The song’s author boasted to Chinese state-controlled media that his lyrics depict “the power of justice, a blood vow to resist the shame of national subjugation roared in the middle of battle.”

Although they did not appear to attend the event, AMCO reports that Minnesota Democratic politicians Sen. Amy Klobuchar, Rep. Dean Phillips and Minneapolis Mayor Jacob Frey all wrote letters praising the celebration.

Klobuchar, Phillips and Frey did not respond to the DCNF’s request for comment.

Service centers have also hosted events that included performances from art troupes affiliated with Chinese government propaganda departments, according to multiple Chinese state-run media reports.

In 2018, the Omaha OCSC sponsored a Lunar New Year celebration that featured Chinese opera performers from the state-owned Jiangsu Provincial Theatrical Troupe, according to Qiaowang, which is the news and propaganda arm of the Overseas Chinese Affairs Office.

The Jiangsu theatrical troupe operates under the direction of the Jiangsu Propaganda Department, according to Chinese government documents.

The St. Paul OCSC and the Chongqing Propaganda Department have co-sponsored multiple events at the Mall of America in the Minneapolis-St. Paul metropolitan area, including events in 2019 and 2022, according to AMCO and Sohu.com. The 2022 event featured a performance from a dragon dance troupe managed by the Chongqing Propaganda Department, according to Sohu.com.

These performances came after the CCP Propaganda Department minister from Chongqing traveled to Minnesota in 2018 to sign a “mutual cooperation” agreement with the Mall of America and the St. Paul OCSC, according to the nonprofit AMCO. The details of the agreement are unknown.

In 2019, a vice president for Triple Five Group, which owns and operates the Mall of America, wrote a letter — which was posted on AMCO’s website — thanking the Overseas Chinese Affairs Office, the head of the Chinese consulate in Chicago and several Chinese provincial government entities for their “firm support” of the mall’s Chinese New Year performances that year.

Neither the Mall of America nor the Triple Five Group responded to multiple requests for comment.

A Chinese Military Saxophonist Jams Out To U.S. Pop Songs

OCSC branches have also co-hosted performances with a related Overseas Chinese Affairs Office program called the Star Art Troupe.

Launched in 2014, the Star Art Troupe theatrical program is the “cultural flagship” of the Overseas Chinese Affairs Office and aims to “meet the cultural needs of overseas Chinese” while providing a “window for foreigners to understand China,” according to the office’s website.

Chinese government and state-run media reports detail how, between 2014 and 2017, the Overseas Chinese Affairs Office established seven Star Art Troupes in BostonChicagoHoustonNew York CitySan FranciscoSeattle and St. Paul.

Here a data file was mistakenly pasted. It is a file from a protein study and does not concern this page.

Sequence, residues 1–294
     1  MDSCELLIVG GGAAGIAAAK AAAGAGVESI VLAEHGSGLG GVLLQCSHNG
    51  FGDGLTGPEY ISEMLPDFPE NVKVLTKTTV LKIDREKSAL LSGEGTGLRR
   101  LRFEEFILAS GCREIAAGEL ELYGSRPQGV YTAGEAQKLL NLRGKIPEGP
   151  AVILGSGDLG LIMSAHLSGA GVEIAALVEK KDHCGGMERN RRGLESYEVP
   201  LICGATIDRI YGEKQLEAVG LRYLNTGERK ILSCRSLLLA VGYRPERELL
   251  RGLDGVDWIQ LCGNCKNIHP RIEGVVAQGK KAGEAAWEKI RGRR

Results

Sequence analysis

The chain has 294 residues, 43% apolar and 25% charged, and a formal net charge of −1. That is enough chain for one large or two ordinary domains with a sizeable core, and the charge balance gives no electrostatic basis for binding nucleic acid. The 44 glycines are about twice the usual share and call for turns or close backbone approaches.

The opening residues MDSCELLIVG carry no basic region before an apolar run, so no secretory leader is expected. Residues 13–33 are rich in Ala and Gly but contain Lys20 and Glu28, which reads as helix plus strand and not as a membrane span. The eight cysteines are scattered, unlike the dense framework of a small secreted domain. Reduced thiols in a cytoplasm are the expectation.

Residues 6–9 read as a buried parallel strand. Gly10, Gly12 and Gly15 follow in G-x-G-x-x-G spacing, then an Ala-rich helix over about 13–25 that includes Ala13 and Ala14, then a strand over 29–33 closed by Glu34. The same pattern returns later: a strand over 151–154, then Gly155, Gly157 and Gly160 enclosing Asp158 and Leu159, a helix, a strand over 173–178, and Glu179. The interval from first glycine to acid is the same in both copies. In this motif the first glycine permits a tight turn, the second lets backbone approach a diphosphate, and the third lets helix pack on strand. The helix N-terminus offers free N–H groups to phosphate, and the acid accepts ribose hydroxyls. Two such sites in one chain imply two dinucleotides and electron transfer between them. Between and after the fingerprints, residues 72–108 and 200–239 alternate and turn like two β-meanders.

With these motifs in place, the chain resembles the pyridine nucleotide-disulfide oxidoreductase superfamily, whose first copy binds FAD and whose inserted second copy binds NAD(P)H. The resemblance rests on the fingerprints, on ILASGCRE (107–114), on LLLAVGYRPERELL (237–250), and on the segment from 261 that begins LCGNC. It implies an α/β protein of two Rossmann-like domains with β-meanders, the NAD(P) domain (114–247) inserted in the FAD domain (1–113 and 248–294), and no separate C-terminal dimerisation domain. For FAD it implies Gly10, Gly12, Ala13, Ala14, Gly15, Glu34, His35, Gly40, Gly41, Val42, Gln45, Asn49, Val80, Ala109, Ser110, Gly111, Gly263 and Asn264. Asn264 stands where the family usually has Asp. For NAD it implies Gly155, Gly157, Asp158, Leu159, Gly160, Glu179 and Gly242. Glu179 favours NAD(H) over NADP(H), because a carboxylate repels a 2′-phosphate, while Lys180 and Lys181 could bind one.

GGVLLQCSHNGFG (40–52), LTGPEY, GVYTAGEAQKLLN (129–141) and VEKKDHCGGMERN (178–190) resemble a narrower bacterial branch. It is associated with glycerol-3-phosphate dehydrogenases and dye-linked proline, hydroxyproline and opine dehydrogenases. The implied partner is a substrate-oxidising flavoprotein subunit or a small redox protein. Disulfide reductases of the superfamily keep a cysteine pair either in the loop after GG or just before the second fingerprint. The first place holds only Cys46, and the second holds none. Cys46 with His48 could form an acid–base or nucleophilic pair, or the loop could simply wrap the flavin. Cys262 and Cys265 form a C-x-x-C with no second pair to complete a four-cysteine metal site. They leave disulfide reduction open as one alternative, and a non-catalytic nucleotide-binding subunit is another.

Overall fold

U.S. OCSC have co-hosted events with Star Art Troupes, according to multiple Chinese state-run media reports. Some of these events featured performers from the People’s Liberation Army’s (PLA) Academy of Art. The PLA is the Chinese military.

In October 2019, for instance, St. Paul’s OCSC and the local Star Art Troupe co-hosted an event commemorating the founding of communist China, according to AMCO. The event included a singer and musician from the PLA’s Academy of Art, according to Sohu.com.

Similarly, Houston’s Star Art Troupe also included a dancer who attended the PLA’s Academy of Art, according to the Oriental Arts Education Center (OAEC), though it’s unclear if the dancer remains at the center. OAEC, which hosts the art troupe, has co-hosted events Houston’s Chinese Civic Center, which houses the Houston OCSC.

In September 2015, Houston’s Chinese Civic Center sold tickets for a public event in Stafford, Texas, celebrating communist China’s founding that was co-hosted by Houston’s Star Art Troupe, according to the local Chinese Student Association. During the event, the lead saxophonist for the PLA’s Central Military Band played the pop hit “My Heart Will Go On,” the association reported.

That same month, the Overseas Chinese Affairs Office invited the head of Houston’s Star Art Troupe to come to China to attend a military parade at Tiananmen Square commemorating the defeat of Imperial Japan, according to OAEC.

While in Beijing, the head of Houston’s Star Art Troupe met with the Overseas Chinese Affairs Office’s chief propagandist to discuss “how the modern mission of overseas cultural disseminators is to use cultural confidence to demonstrate Chinese people’s profound heritage and love of peace in order to defend the peaceful image of China,” according to OAEC.

OAEC did not respond to multiple requests for comment.

“Americans should be very wary of cultural events hosted by organizations affiliated with the UFWD — and especially the MPS — because they are used to covertly hide the CCP’s true intent,” Ina Mitchell, Canadian investigative reporter and co-author of “The Mosaic Effect,” told the DCNF.